Sarah’s Story: From Creative Entrepreneur to an Enterprise Director
Sarah is 28 years old and is a talented artist and designer. She graduated from a leading art college four years ago. Since then, she has had many commissions and has always seemed busy. But, while her work was highly thought of by her clients and her peers, she has struggled to make ends meet on the fees that she was able to charge. Aside from feeling a bit used by her clients, she has also felt rather lonely at times.
She has now decided to focus on her dream of building an artist collective, bringing together diverse creatives in one place in order to project art into the public arena and reclaim disused public spaces and poor urban environments. She feels passionately that art can make a difference. In this way, she also hopes to build a more lasting legacy and contribute to society in a meaningful way.
This project will also allow her to bid for larger projects and by combining with others, and she hopes it will enable her to press for higher fees and diversify into other sources of income. She is exploring ways to crowd fund some of the activities, and investigating EU or government enterprise funds to help get her venture off the ground.
Sarah has only recently begun to even think of herself as an entrepreneur, and would have reacted negatively to the associations with the word just a few months ago. Yet, she is not motivated by money and wants to stay true to her purpose. She is immersed within the creative community, and enjoys involving others as much as she can. Yet to succeed in her venture, Sarah now needs to develop beyond being an independent creative.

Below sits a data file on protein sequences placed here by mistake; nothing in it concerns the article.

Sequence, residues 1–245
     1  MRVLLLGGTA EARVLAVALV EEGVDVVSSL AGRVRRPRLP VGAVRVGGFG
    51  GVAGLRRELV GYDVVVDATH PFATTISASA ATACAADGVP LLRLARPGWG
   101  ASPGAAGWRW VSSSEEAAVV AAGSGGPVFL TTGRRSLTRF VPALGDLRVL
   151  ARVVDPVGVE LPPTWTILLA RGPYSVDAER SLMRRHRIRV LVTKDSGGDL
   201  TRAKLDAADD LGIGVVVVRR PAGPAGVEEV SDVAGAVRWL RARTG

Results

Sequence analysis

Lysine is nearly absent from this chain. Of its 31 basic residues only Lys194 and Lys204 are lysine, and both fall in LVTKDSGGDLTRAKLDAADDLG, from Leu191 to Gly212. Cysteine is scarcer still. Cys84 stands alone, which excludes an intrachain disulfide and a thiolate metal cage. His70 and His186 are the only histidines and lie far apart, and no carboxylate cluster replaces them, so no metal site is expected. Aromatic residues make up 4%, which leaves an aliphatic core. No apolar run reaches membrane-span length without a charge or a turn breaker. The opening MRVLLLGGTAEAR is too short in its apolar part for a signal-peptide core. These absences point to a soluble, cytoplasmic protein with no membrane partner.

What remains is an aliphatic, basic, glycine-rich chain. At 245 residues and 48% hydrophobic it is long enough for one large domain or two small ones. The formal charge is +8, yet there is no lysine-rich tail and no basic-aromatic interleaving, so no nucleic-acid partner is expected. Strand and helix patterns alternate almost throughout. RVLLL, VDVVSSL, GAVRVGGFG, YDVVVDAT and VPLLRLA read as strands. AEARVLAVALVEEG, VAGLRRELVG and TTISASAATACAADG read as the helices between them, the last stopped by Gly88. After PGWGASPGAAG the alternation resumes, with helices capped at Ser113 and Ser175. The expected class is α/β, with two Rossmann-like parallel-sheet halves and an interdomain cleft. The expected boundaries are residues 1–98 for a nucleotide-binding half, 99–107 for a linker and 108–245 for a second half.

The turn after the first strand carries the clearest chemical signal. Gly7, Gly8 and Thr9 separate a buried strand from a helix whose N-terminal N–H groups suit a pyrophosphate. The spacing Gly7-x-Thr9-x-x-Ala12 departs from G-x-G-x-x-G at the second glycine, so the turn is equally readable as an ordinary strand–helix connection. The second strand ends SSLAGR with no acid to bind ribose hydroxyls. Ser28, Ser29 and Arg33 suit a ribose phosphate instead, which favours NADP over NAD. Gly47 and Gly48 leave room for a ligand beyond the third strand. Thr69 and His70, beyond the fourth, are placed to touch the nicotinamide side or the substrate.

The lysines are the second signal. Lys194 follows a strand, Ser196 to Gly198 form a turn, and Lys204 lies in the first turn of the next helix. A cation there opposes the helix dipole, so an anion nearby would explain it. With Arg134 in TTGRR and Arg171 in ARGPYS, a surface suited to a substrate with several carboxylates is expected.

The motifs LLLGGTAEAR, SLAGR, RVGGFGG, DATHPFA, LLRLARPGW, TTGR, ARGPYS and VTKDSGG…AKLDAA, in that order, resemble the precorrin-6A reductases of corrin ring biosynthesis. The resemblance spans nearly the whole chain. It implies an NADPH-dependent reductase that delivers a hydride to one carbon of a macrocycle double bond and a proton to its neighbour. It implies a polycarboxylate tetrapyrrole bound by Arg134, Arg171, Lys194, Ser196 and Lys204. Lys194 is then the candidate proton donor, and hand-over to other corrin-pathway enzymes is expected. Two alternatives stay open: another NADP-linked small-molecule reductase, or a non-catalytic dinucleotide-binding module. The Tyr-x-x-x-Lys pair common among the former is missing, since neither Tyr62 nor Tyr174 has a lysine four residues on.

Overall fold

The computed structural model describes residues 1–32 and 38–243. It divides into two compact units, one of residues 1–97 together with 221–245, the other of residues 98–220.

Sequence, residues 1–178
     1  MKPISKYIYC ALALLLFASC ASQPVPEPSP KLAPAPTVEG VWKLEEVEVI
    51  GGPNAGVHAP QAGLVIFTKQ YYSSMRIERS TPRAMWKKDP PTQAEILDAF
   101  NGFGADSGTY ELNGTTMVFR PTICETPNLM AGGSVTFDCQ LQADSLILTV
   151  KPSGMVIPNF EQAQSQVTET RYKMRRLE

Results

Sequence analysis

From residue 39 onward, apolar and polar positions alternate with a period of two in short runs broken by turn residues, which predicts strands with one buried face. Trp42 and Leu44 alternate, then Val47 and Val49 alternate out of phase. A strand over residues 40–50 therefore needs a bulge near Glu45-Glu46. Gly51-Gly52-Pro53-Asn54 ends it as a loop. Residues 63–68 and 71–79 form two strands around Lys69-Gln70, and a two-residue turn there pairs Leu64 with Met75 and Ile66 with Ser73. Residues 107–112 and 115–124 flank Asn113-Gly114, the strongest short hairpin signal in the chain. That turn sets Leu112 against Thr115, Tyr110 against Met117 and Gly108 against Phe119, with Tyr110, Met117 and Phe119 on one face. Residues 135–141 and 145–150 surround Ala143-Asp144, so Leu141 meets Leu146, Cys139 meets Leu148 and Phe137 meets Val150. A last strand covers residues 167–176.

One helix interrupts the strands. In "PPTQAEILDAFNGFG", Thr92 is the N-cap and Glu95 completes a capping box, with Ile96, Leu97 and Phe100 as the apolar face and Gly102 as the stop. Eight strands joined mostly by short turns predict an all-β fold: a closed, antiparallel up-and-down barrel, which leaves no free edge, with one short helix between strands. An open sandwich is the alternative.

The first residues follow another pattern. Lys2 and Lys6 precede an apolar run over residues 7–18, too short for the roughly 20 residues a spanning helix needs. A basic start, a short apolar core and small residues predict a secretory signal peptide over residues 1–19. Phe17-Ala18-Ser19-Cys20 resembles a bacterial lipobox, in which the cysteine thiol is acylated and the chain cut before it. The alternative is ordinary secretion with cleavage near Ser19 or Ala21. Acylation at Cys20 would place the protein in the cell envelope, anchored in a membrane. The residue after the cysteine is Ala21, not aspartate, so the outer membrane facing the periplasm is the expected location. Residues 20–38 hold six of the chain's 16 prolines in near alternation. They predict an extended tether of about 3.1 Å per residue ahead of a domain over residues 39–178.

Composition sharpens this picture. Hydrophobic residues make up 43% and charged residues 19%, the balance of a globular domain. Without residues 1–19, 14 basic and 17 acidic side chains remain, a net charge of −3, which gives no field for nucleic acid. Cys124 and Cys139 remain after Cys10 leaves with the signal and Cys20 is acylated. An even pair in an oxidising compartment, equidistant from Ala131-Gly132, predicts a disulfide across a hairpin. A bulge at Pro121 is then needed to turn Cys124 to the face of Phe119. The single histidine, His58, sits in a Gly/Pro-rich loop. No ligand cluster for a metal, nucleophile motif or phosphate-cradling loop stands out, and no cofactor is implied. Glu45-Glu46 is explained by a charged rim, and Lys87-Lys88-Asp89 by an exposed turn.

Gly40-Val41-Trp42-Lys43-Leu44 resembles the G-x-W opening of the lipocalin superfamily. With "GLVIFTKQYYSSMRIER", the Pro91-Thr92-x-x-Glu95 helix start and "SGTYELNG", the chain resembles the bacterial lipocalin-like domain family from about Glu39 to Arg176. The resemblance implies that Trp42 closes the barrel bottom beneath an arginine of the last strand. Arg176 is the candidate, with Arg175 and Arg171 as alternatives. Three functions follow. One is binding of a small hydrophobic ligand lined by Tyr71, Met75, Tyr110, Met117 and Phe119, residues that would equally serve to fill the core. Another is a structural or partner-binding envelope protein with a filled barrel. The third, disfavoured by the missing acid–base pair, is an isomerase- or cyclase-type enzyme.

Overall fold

Sarah needs to articulate a longer term vision of the collective enterprise that will inspire others to invest time and energy to make the venture work over the longer term. She needs to develop a strategy to generate sustainable revenue and manage costs, such as the physical work space for the community. She needs to start building a network organization, which can attract other partners to help her run it. She needs to market the new venture to potential donors and sponsors. She has to work out a fair way of distributing fees for those involved, recognizing that there will be different types of contributions from various people.
In short, Sarah is in a dynamic transition from being a Creative Entrepreneur to being a Director of an Enterprise, and is discovering new sources of motivation and competency that she was previously not aware of. Deep down, Sarah will always be an artist, but that does not limit her and she, like all of us, can find sources of growth to enable us to transcend beyond our immediate circumstances and develop into a fuller, more rounded entrepreneur with unbounded potential.
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